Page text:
In the crypto space, it would be unfair to penalize someone for mispronouncing or confusing one word or phrase for the other. We have different versions of Bitcoin (albeit we know the original) while until date, newbies find it hard to tell the difference between Ether, ETH, and Ethereum.
In late 2017, the concept of security tokens and tokenized securities appeared and had since then garnered momentum in the industry.
However, it is often easy to mistake one for the other or at least not be able to tell what the difference is between security tokens and tokenized securities.
We try to solve that problem in this article by providing clear differences between these new types of assets. Just before that though, here is a quick definition that could serve as a basis for understanding what follows :
Security tokens are blockchain-based tokens that allow startups and companies and to raise funds for their product even without launching it.
Tokenized securities are a technological representation of a company’s shares or other securities such as bonds, real estate, etc that allow its holders to become shareholders in the business automatically.
Now that we’ve stated that, there are features that are common with both types of assets.
Similarities Between Security Tokens and Tokenized Securities
1. It offers startups and companies access to pool funds from global investors easily.
2. Powered by blockchain technology.
3. It allows buyers and sellers of the assets to deal directly without an intermediary.
4. Enhanced liquidity for asset holders and unlimited trading access.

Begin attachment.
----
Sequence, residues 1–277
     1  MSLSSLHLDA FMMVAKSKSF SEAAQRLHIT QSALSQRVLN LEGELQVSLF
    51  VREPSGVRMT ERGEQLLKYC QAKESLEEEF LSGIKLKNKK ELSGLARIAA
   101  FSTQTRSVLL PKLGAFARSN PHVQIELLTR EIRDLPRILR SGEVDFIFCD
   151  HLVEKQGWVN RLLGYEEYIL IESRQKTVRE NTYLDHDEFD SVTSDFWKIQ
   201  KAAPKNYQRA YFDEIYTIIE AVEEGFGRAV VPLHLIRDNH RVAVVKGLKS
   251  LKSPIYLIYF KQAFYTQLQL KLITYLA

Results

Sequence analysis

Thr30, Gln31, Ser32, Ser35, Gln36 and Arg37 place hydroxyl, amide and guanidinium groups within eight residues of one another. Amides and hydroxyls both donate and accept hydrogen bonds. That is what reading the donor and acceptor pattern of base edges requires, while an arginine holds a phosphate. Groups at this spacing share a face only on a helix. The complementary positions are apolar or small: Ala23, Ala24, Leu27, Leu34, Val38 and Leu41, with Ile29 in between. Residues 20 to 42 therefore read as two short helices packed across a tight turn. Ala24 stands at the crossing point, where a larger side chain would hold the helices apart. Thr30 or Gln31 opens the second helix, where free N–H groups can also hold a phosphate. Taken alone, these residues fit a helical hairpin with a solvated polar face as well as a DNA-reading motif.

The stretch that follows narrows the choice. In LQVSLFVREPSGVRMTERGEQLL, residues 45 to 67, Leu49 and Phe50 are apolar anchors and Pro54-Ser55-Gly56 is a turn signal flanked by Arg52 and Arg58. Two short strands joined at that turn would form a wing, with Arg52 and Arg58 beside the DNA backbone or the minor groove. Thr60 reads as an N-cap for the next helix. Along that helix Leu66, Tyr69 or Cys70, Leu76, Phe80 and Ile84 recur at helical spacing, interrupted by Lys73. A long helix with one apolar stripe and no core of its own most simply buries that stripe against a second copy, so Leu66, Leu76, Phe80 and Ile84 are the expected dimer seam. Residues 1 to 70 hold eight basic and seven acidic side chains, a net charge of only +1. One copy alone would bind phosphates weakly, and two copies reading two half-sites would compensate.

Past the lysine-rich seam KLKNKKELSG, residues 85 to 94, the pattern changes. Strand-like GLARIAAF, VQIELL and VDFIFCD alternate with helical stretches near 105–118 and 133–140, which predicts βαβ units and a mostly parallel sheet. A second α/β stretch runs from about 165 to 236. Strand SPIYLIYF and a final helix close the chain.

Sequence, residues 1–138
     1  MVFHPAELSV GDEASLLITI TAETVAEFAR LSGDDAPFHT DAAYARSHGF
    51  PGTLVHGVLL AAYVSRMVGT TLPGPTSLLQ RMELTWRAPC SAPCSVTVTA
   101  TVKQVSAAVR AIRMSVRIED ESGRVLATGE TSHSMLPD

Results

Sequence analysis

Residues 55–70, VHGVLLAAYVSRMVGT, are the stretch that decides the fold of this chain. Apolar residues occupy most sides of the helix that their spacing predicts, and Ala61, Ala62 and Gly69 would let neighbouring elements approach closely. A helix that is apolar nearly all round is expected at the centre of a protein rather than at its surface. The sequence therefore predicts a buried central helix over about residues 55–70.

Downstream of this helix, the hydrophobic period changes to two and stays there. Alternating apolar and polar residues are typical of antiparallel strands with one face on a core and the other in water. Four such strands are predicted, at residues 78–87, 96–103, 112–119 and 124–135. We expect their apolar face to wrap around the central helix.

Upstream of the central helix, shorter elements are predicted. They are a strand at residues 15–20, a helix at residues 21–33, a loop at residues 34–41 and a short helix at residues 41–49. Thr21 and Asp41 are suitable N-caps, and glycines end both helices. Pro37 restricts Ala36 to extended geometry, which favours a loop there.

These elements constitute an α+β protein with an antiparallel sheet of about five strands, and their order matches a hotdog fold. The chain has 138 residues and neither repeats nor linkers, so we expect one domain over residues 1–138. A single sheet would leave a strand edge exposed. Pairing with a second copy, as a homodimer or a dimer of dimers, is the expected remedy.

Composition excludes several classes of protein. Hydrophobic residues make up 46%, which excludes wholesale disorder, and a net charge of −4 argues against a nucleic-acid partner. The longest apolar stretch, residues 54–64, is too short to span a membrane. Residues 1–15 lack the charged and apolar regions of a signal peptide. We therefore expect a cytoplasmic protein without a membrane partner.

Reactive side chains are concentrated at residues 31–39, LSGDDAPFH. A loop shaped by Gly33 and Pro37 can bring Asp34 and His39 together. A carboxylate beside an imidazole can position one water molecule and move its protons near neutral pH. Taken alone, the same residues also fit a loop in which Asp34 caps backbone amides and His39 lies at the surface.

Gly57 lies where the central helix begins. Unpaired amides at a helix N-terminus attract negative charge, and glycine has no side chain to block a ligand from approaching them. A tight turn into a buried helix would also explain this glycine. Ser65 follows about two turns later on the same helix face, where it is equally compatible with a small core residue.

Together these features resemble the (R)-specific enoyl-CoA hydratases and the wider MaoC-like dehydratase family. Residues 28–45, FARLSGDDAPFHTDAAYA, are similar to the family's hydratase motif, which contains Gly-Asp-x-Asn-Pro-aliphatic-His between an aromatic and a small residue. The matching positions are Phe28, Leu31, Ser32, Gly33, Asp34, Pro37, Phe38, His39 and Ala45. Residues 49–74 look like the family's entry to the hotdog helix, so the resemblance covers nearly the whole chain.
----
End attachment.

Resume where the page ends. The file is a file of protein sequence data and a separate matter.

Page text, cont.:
5. Investor profits depend on the success of the company that issues the token.
Now, let’s go over some critical features that set security tokens apart from tokenized securities.
Differences Between Security Tokens And Tokenized Securities
Units of the token give the holder access to dividends in exchange for investing in a new project.
A technological representation of a company's security (traditional assets like stocks and shares).
Startups can issue security tokens as a way to raise funds for their projects without making investors shareholders in their company.
Purchasing tokenized securities means the investor is now a shareholder in the company, in the same manner as when they buy shares on a stock exchange.
Controversy still surrounds how security tokens will be regulated, either under existing securities law or a new framework.
It is regulated under existing securities law since it is only a new distribution channel for a company’s share capital.
New products penetrating financial markets.
Familiar assets wrapped with new technology.
Investors are usually paid dividends for holding the tokens. Additionally, they stand a chance to earn more in the future if the project succeeds, leading to an increase in the value of the token.
Profits that investors gain from tokenized securities are the same as in the traditional finance market.
Security tokens are usually issued by the startup through a process called Security Token Offering (STO).
Companies liaise with tokenization startups like Polymath to transfer their company’s securities unto blockchain technology.
Reviewing the information above shows that security token differs from tokenized securities and as such should not be confused with each other.
However, as stated earlier, it would be unfair to penalize someone for confusing both terms, though there would be little reason for you to do that, now you have a clear understanding.